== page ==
How to Find an Actually Good Apartment Not on StreetEasy

Photo: Alain Bachellier/Getty Images

A friend and her husband had been looking to move out of their cramped, too-dark two-bedroom in Prospect Lefferts for years, but the rental market only seemed to get worse and worse. “I was checking most days of the week on StreetEasy and Craigslist for one or two bedrooms and it was really fucking slim pickings,” Molly tells me. Everything was tiny or overpriced or both, often with a huge broker’s fee. Then, her friend put her in touch with the super at a nearby building she had long coveted: big, open apartments, most of them with balconies, near the park and the train. In the darkness of her search, the building became her focus. “I was kind of psycho about it, texting and emailing all the time,” she says. This went on for over a year. At one point, the super stopped responding but, undeterred, Molly enlisted friends in the building to ask on her behalf. Last February, an enormous one-bedroom with a balcony opened up for $2,800, and they were first in line.

Conventional real-estate-listing sites have become a darker place in recent years. It’s not that things were ever all that great on StreetEasy or Craigslist, but the market continues to hit record high after record high with median rents in Manhattan and Brooklyn reaching $4,250 and $3,599 in April, according to the latest Elliman report. Then there are the bidding wars. The broker-fee bidding wars. The brokers who ghost. The open house mêlées. By the time anything good goes up on any of these sites, it’s either been rented or you’re left competing with dozens of other hopeless idiots in an arbitrary war for an alcove studio with views of a brick wall. StreetEasy is dead. To get a decent apartment in New York City right now, the off-grid listing is your best shot.

A brief survey of recently successful apartment hunters turns up a version of the same story, again and again: A sister’s old college roommate who was moving out or that one reply to a desperate Instagram plea or their nonna’s friend from church whose grandson is moving to California and needs to break his lease. This informal, social-excavation method is nothing new, but it seems to have taken on new significance in the post-pandemic market frenzy. “I never successfully found an apartment through StreetEasy,” a renter in Ridgewood tells me. “I’ve never made that much money and don’t have the ability to pay a broker’s fee.” After browsing through endless Craigslist ads and local broker websites, she found her current apartment through a Polish community site. (She would only talk to me if I didn’t reveal the name of the site: “I don’t want it to blow up.”) She had to use Google Translate to navigate it. It worked: She ended up finding a rent-stabilized one-bedroom for $1,500. There were no photos in the listing but also no broker’s fee. A friend went to see it for her and it was perfect — a little crumbling but the tenant before her had fixed it up. Soon she’ll be leaving New York and moving out. As for her apartment? “I’m trying to give it to a friend.”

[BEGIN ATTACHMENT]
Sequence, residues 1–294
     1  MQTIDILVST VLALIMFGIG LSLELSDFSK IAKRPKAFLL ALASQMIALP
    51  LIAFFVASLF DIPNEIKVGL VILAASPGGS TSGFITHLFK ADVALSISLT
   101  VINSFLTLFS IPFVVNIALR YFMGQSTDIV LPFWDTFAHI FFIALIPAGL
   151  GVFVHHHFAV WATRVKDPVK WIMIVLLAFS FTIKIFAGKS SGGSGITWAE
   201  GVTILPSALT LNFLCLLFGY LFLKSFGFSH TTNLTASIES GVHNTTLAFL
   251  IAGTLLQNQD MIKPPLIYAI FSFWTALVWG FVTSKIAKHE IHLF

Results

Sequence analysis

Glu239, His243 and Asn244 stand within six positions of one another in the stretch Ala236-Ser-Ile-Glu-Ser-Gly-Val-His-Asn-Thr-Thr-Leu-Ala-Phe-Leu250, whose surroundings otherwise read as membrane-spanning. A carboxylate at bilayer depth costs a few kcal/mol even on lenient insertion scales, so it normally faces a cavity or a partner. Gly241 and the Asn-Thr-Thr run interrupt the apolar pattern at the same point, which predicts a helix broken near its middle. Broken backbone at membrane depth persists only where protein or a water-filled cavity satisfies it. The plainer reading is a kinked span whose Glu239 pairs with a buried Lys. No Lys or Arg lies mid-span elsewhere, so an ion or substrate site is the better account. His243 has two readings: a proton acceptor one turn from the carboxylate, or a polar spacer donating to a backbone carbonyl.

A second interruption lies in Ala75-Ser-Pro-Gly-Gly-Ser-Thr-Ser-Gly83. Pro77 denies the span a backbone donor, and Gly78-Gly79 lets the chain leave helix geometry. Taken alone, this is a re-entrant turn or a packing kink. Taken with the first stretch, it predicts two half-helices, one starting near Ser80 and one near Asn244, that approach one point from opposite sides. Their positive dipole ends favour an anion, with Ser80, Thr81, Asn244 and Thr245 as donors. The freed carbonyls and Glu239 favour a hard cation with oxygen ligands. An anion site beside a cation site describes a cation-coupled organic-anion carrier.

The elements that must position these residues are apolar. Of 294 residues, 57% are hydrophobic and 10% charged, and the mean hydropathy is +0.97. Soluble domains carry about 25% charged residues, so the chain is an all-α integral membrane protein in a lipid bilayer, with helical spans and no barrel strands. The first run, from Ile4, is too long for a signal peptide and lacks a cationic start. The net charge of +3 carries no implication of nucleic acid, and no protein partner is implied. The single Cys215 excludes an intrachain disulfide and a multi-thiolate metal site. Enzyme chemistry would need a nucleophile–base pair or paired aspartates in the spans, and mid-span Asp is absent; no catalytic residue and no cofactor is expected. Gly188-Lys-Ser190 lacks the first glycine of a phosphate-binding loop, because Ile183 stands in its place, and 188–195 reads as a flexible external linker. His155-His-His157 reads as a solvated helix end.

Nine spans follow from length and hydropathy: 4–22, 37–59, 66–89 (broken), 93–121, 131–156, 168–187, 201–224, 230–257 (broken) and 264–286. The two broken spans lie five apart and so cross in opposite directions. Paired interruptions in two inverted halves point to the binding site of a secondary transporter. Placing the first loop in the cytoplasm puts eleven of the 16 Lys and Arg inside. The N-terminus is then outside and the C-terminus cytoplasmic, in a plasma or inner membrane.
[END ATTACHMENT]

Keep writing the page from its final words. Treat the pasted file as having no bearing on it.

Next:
A colleague had been looking for ages for a one- or two-bedroom that wasn’t incredibly overpriced. “I was just like, Everything seems to be $5,000,” she says. She had tried the open houses. She had tried Listings Project, which was populated with $5,000 Prospect Heights one-bedrooms and people charging rent in addition to making you watch their cat. While sitting on a stoop after one such viewing, which would have required her to keep the owner’s furniture, a friend of a friend walked by. They made small talk. The friend had just broken up with her partner. Did she want her apartment? A year later, this colleague is about to re-sign her lease. She almost didn’t want to talk to me for fear of jinxing the whole thing: “Make fun, but this apartment has made me happier than I’ve ever been in my life.”

Then there are the people who found apartments by turning every aspect of their lives into an extension of StreetEasy. A renovated two-bedroom garden apartment in Bed-Stuy is going for $3,000 in the BoCoCa parents group. A desperate searcher who took to begging on Nextdoor got themselves a “gem of a place that would’ve never hit market.” A parent group chat about how to get a toddler to stop biting turned into an off-hand remark about a two-bedroom opening up across the hall in the fall. One renter happily living solo in a stand-alone house in Park Slope got the place after a hookup turned friend tired of the long-term sublet. Would he want it?

Not every creative attempt works out. One couple I spoke to told me they printed out tags that read, “Are you looking for some of the cleanest, neatest, most space-respecting, and financially stable residents you’ll ever meet?” and tied them with ribbons to brownstones in Crown Heights. “With StreetEasy, we’d go to a showing and there was a line out the door,” one of them told me. “I was like, I think I need to be creative here.” The tags didn’t work. (They were taken down almost immediately.) And the effort was a little try-hard. But they were desperate. “We were just brainstorming what we could do to increase our chances of finding a place,” they said. “The housing market is crazy.”


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